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Portrait of Anna Liuzzo in her school classroom.

Published August 31, 2021

BY MICHELLE KEARNS & CHARLES ANZALONE

Federal grant allows UB to continue work with underserved mental health patients

An ongoing federal grant, now extended for a second time, has been funding stipends and attracting students to GSE’s counseling and psychology programs with a two-pronged approach to training—in opioid addiction care for people from underserved communities and in collaborative work with other behavioral health care professionals.

The 2019, $1.92 million extension of the Behavioral Health Workforce Education and Training stipend scholarship program from the Health Resources and Services Administration continues the initial grant funding for another four years. So far, the scholarship and stipend, which includes a companion training program, has supported 92 UB graduate students from a range of disciplines.

The training on topics like patient interviewing and addiction treatment also creates a forum for inter-disciplinary exchange between students from different programs like nursing, social work and family medicine.

“Students are learning a lot about the other disciplines they will be working with,” said Tim Janikowski, a co-investigator on the grant project and GSE associate professor in the Department of Counseling, School and Educational Psychology. “It gives them an intersciplinary outlook.”

This year the stipends—$10,000 for master’s students, $25,000 for PhD students—are supporting 14 GSE students during their internship work. The scholarships allow them to forgo part-time jobs and focus more completely on their studies. After graduation, participants agree to take jobs serving disadvantaged clients in urban and rural areas.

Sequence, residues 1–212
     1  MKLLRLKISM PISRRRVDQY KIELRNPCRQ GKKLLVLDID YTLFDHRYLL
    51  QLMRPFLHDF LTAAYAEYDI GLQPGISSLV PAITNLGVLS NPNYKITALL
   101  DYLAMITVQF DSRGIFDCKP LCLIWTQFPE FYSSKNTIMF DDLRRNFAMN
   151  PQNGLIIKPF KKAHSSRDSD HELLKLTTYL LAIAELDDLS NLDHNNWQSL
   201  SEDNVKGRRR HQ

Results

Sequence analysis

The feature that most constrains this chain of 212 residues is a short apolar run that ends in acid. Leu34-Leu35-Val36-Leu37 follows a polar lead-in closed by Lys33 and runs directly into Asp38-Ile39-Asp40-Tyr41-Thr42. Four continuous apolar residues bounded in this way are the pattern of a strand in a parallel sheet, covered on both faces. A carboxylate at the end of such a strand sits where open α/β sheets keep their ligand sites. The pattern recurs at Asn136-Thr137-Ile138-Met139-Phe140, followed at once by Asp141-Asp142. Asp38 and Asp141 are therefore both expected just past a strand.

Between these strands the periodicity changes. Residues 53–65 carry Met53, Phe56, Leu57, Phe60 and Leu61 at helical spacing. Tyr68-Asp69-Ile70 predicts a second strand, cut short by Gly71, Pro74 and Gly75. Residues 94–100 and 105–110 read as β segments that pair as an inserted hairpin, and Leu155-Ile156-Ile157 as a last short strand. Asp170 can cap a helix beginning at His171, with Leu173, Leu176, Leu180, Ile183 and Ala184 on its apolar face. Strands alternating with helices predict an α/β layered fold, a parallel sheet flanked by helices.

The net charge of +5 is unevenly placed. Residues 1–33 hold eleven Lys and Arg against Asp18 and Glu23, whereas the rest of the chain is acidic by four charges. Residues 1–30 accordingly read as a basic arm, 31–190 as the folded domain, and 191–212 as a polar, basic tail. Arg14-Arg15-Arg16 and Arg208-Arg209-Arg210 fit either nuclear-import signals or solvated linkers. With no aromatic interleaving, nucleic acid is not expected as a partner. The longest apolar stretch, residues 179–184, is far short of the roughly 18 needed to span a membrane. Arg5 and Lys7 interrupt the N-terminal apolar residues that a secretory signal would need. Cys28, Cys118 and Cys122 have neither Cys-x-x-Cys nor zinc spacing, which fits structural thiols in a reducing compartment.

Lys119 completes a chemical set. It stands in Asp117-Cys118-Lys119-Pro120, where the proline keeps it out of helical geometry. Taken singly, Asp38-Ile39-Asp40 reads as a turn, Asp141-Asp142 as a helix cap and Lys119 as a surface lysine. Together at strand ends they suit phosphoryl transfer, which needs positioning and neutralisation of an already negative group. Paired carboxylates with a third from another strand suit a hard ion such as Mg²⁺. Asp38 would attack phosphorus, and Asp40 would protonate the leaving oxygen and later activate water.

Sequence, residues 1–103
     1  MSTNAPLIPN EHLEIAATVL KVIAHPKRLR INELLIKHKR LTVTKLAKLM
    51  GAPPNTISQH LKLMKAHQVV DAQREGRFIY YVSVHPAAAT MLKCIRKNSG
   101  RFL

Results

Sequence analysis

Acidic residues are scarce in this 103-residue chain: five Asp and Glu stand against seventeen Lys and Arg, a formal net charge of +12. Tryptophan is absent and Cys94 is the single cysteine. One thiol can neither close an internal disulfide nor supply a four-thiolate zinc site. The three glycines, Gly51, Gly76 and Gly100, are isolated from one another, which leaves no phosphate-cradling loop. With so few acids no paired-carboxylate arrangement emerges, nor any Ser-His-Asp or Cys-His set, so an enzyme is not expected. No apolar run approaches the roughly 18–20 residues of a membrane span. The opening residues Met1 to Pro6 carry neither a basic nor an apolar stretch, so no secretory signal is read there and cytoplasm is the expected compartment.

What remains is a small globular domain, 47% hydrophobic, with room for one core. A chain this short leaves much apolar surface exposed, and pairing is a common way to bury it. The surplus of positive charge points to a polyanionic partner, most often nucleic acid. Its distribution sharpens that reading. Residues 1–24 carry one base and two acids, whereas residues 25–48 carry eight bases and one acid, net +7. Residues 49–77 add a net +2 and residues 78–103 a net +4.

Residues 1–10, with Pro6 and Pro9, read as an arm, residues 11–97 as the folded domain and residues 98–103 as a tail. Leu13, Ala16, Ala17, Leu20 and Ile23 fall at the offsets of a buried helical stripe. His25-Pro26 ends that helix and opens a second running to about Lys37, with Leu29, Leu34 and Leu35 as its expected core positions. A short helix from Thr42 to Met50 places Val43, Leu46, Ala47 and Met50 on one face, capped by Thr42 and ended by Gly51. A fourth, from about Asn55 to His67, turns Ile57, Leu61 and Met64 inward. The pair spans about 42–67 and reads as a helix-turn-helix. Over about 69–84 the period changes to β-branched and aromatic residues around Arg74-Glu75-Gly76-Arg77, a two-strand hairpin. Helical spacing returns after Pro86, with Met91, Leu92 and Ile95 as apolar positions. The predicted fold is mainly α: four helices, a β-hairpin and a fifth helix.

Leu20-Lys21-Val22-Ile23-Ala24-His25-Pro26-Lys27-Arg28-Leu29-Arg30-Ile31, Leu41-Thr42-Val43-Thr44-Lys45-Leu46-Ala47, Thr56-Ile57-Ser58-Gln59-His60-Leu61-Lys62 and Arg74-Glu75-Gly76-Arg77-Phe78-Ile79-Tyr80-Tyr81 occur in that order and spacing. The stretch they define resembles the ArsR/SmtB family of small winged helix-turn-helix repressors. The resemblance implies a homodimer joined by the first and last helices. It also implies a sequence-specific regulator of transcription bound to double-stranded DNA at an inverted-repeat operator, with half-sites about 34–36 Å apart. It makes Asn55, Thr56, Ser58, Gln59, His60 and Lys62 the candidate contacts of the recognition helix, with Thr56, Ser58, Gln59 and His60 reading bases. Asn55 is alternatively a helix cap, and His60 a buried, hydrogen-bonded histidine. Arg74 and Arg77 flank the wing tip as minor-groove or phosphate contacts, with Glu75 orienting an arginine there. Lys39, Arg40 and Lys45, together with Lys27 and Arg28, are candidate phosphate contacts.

“In an effort to address the shortage of well-trained and highly skilled members of the behavioral health workforce, this program is helping to address the health inequities faced by these areas, as many of our graduates are staying to work in the same underserved areas that they were trained in,” said Yu-Ping Chang, professor and associate dean for research and scholarship in the School of Nursing and principal investigator of the grant training project. “We are truly having a positive impact on the surrounding communities.”

Another co-investigator praised the approach to a complicated health care crisis.

“Complex behavioral health needs require coordinated services from multiple professions, particularly given the racial health disparities that exist in the Western New York region,” said Diane Elze, associate dean for academic affairs in the School of Social Work. “Through these grants, our social work students also have wonderful opportunities to learn from and work with students from other professions, and we know that effective communication and teamwork among health and mental health professionals are essential to competent service delivery.”

To further support student training within the department of Counseling, School, and Educational Psychology, Scott Sabella, a GSE associate professor is leading, with Janikowski, another grant scholarship project, which also won approval in 2019: A $1 million, 5-year federal grant from the Rehabilitation Services Adminstration. It funds a new scholarship that pays the tuition for master’s degree students aiming for careers as rehabilitation counselors who provide psychological, social and vocation help to people with disabilities. In return, students commit to work in a state or federally-funded system, or partner.

This is beneficial for the profession, said Janikowski. Both scholarship programs have helped attract good students. “The rehabilitation counseling and mental health counseling master’s degree programs typically have no financial support, other than financial aid, for students completing their programs,” he said.

“We’ve seen an uptick in applications,” said Janikowski. “It’s helping to improve the work force.”

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